The question of teacher-student relationships is a tough one. If they’d been banned at Cranbrook Academy of Art, would the world have missed out on one of the great creative relationships of all time, Charles and Ray Eames? Or could the two designers simply have waited the few months until the end of semester to embark on their inevitable journey together, one that lasted from May 1941 until Charles’s sudden death in 1978 and produced not only furniture but industrial design for WWII, hundreds of films, toys and graphic design.
Lately, I’ve been reading about Case Study House #9, aka the Eames House, the interior of which is a true sensory and sensuous delight. Ray (a nickname for Alexandra) was the visual artist, having begun in NYC as an abstract painter studying under Hans Hofmann, and the home–preserved just as it was when Charles died–is full of objects she collected and arranged that on their own have ‘little value’ but taken together create a rich and deep variety of colour, texture, rhythm and movement. Flowers–roses, lobelia and Santa Barbara daisies–and plants–ficuses, ferns and philodendrons–line the glass walls both inside and out, blurring the distinction between outdoors and indoors.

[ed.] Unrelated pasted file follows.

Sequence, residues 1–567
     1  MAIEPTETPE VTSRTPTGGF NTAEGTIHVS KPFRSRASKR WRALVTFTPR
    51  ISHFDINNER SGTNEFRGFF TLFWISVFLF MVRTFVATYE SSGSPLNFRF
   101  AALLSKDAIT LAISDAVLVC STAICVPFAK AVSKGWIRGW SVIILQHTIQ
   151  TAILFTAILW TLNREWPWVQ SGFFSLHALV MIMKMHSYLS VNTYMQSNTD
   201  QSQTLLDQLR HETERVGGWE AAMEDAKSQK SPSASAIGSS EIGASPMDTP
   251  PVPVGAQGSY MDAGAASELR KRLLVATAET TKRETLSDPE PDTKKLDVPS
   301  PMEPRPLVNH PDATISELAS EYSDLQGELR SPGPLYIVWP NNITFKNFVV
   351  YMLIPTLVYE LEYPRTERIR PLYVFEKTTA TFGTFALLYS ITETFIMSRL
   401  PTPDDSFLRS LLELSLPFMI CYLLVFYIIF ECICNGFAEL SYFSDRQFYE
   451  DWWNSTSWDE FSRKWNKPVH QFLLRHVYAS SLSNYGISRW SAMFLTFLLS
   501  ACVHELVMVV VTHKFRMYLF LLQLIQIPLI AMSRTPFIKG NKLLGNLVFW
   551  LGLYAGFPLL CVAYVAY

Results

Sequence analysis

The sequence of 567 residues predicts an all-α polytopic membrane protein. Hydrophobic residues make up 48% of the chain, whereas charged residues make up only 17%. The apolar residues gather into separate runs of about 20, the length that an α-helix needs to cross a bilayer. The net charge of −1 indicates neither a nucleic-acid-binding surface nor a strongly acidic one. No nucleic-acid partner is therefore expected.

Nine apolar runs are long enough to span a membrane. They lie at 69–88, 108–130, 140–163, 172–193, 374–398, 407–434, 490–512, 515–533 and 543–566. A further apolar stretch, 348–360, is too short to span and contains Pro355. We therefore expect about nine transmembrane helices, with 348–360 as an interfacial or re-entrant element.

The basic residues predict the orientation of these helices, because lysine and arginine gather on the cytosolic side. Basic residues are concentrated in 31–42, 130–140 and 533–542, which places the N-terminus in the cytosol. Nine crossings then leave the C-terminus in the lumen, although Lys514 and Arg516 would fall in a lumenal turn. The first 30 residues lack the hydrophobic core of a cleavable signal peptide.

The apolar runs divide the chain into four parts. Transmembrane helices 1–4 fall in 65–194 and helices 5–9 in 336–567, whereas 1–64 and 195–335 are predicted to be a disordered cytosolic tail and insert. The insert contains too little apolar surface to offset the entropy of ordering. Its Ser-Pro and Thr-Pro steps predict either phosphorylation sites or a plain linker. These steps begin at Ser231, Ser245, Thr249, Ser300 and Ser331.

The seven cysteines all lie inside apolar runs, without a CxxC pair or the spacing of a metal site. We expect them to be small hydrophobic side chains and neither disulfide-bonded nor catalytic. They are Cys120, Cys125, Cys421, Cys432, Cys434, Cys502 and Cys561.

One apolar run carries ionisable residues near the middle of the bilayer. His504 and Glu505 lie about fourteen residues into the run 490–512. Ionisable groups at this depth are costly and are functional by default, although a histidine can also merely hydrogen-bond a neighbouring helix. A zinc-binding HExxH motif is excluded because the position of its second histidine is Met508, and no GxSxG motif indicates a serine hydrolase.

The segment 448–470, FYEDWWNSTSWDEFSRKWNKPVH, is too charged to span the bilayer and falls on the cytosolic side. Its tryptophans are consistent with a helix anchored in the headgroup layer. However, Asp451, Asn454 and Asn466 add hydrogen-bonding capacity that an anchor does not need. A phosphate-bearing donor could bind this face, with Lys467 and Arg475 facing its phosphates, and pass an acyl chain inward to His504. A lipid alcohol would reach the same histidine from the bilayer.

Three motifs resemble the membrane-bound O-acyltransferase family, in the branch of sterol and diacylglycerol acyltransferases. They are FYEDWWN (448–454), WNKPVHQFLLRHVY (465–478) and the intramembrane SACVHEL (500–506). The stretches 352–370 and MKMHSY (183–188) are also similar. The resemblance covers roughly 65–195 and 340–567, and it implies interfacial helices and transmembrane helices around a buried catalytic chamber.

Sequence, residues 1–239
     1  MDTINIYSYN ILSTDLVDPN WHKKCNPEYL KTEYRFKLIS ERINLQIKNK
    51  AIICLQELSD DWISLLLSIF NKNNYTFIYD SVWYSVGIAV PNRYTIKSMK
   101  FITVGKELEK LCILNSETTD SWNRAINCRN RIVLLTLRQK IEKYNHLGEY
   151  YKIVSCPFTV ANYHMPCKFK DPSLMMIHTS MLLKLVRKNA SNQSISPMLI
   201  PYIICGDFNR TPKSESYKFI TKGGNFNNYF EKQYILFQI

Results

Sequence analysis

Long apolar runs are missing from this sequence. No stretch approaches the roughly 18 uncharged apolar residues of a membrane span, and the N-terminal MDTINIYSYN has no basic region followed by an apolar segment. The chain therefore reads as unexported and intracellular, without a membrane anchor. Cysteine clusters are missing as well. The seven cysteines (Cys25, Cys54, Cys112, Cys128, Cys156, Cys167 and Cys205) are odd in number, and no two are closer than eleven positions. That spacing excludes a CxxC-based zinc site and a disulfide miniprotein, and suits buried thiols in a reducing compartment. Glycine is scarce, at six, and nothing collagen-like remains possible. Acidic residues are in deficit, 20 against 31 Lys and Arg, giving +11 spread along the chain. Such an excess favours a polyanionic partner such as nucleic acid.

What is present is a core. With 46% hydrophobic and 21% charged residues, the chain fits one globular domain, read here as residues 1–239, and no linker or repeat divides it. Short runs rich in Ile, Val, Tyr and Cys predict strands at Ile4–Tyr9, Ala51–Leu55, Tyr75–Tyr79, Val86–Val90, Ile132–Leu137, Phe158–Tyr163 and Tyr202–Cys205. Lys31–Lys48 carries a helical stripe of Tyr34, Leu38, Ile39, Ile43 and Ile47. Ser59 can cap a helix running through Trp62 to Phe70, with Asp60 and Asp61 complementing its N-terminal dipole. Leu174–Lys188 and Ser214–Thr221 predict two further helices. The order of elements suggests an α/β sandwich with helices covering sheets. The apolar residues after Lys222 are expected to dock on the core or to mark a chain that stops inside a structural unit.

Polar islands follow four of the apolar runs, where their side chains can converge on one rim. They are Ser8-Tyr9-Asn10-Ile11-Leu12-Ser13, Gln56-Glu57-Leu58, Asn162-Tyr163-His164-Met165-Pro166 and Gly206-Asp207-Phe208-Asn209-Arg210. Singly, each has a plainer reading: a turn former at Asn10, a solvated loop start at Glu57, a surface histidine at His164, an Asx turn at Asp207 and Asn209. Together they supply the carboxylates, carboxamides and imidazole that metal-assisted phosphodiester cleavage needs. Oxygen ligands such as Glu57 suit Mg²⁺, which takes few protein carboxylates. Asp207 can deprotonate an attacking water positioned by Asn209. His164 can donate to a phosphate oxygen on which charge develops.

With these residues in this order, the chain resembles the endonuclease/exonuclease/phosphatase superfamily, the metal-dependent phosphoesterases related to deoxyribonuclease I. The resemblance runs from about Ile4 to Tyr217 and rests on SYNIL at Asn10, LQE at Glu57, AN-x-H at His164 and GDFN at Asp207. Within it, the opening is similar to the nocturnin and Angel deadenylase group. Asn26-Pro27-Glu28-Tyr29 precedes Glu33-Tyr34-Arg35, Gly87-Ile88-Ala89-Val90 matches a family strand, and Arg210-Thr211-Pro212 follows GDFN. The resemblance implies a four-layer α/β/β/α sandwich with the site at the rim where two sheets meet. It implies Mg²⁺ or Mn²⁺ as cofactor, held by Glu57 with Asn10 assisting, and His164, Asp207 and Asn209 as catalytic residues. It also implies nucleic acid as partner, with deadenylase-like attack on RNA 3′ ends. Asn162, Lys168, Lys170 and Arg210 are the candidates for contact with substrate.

Initially, the Eameses meant to build the house cantilevered out across the meadow, but the war delayed the arrival of their building materials for so long that they ended up spending time on and growing attached to the expanse of grass and thus changed their design so that the home nestled into the hillside. They must have been frustrated at first, sitting on their blueprints for months and then years, but after a while, Ray said they realized that taking down the Eucalyptus trees and covering up the meadow “seemed criminal.” The imposed waiting period, in the end, made things better.